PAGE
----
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2 Questions Sir

These are the two I've learned all authors are asked:

1) How did the idea for your current novel come about?
2) Where does the inspiration for your ideas generally come from?

First
The serious idea for my novel (the series at large) came from a concept I had for a video game; little more than a few character names now remain. It then spilled into writing. I flushed it out over time while Role Playing with friends—bouncing ideas off them in the process: characters, settings, themes, monsters and so on.

When they didn't like something, I pointed to the guide books.

The first thing I thought of was characters, specifically the baddies. I love heroes, but they're nothing without their opposites. That's why I love villains even more, because to me, every villain could've been or in fact was, a hero.


I love the concept of Evil, not because I'm diabolical—I mean I am—but because in order for my heroes to have the 4rth dimension to be real, their negatives must also exist to such equal standing.

In very few books I find Evil fully explored. The degree from Bad to Good often ending in varying shades and varieties of Gray, instead of barring out the full measure and unique quality of Evil. And for good reason, it's hard.

www.youtube.com/watch?v=JKzM8xsQ5-U

In most cases, you can relate to the antagonist. Sympathize. Understand them through context, which is great. If so though, I no longer see them as villains, but instead, tragic characters, of which there are plenty throughout my series.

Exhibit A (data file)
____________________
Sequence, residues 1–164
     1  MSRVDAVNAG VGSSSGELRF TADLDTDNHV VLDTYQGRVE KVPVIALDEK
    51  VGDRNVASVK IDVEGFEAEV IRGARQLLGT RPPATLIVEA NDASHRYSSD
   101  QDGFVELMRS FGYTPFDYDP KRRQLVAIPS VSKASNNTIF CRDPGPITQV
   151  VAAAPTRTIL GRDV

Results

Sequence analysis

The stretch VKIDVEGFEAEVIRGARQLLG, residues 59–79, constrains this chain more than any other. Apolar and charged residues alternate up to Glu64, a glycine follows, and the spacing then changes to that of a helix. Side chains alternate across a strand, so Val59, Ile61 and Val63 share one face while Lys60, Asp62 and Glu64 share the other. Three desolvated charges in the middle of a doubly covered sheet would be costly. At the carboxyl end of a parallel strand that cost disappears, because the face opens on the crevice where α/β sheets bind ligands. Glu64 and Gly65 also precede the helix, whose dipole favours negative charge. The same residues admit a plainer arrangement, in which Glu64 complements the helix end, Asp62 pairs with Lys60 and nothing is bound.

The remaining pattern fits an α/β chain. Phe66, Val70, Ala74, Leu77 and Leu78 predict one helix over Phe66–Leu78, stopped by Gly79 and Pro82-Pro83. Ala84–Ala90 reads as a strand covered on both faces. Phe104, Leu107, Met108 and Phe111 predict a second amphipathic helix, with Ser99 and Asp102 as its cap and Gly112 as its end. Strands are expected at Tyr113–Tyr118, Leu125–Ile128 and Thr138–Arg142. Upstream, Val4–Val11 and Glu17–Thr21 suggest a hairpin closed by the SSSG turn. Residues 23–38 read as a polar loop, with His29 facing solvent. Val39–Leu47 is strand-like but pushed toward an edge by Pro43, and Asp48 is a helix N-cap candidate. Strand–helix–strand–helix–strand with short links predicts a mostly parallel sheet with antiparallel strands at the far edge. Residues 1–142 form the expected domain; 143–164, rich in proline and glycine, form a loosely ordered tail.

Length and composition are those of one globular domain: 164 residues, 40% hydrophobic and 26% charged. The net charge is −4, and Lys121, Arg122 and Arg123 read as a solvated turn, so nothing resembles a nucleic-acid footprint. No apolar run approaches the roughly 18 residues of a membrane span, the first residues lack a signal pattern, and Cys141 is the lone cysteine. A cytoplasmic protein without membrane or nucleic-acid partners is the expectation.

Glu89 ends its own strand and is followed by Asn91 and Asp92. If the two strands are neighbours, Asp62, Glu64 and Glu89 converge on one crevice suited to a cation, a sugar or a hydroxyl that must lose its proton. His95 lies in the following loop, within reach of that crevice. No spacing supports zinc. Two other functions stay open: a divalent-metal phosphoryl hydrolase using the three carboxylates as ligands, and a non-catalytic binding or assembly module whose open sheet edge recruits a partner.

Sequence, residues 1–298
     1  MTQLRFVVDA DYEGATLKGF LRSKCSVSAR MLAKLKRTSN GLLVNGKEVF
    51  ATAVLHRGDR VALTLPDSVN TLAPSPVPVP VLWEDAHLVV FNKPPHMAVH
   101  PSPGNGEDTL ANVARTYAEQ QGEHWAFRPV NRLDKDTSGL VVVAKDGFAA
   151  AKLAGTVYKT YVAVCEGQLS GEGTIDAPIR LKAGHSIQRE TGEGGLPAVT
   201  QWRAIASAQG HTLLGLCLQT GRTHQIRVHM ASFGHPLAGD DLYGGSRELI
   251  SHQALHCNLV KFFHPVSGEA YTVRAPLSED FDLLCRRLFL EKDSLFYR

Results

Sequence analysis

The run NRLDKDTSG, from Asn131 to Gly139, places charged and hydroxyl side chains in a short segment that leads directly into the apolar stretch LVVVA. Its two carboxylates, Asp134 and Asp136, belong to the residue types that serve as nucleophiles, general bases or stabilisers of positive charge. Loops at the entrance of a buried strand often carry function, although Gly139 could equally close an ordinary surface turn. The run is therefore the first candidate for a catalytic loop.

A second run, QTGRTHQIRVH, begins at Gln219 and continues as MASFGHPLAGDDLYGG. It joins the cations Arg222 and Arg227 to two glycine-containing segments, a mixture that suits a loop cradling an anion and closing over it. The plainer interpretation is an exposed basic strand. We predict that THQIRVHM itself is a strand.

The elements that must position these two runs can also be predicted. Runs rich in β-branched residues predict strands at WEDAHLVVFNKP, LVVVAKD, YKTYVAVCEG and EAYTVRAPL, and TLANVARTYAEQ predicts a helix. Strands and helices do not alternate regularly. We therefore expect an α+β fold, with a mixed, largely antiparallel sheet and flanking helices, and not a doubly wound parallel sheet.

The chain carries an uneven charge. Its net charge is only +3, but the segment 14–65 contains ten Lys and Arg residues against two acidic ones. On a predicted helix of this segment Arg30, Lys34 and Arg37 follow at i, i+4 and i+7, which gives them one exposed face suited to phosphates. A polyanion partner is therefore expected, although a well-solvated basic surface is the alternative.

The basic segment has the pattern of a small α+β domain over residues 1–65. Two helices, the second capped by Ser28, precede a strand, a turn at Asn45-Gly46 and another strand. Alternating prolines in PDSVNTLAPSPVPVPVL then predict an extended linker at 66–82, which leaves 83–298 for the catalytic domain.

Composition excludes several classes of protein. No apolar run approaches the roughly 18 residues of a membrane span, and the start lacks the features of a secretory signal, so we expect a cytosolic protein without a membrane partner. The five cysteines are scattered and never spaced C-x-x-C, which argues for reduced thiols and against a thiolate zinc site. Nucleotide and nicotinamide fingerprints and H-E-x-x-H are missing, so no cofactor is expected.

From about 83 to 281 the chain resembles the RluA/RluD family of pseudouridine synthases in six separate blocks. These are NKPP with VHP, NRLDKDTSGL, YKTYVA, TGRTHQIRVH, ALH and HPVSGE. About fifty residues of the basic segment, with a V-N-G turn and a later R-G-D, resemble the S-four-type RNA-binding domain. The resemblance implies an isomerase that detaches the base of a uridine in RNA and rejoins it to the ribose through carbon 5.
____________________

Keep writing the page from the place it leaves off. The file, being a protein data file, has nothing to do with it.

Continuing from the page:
Aside from those, I strive for stark lines of contrast. Boundaries from which there's no return or sympathetic justification; things, ideas, beings, which are truly Evil and which will always be feared. Their threat never, ever, lessened by context or distance.

This is something I think is far easier to do in Fantasy and Science Fiction, as opposed to non-Fiction, since the supernatural, alien, mythical and so on, are perfect targets for this.

For every writer, I'd like to thank all the evil characters ever created. 
Without you, we'd have no stories.

Second

Well, the easiest answer is my inspiration comes from everywhere, which is true...as cheesy as it is.

I see things in movies, TV and the internet. I read it in books, hear it on the radio and so on. Then I have to name it, shape it and that's where the flesh and bones comes from. Sometime to my own horror.

I don't know how many pages I've written because I was inspired by something, only later to read it and throw it away because it isn't me or it's too close to what inspired me. That's the biggest problem with inspiration.

Thinking about it now, my biggest inspiration is all the stuff I trash or my wife trashes or my friends or anything I'm unable to explain away. Because, when I finally find something I like enough to keep and even if I'm unable to say why—not always able to put a finger on that it—that suggests to me a deeper connection.

It's like art.
I'm no critic, but I know what I like and when I do, I don't feel like a fake. Also, when I like it enough to keep it and it still reminds strangers—reminds is key, cause imitation isn't the best form of flattery—of something else and it's a good thing, then I feel good.

If it's like this, I feel bad:

"Me and the McDonald's people, we've got this little misunderstanding. See, they're McDonald's. I'm McDowell's. They've got the golden arches. Mine are the golden arcs. They've got the Big Mac. I've got the Big Mick. We both got two all beef patties, sauce, lettuce, cheese, pickles and onions. But they use a sesame seed bun. My buns have no seeds."

I love that movie!






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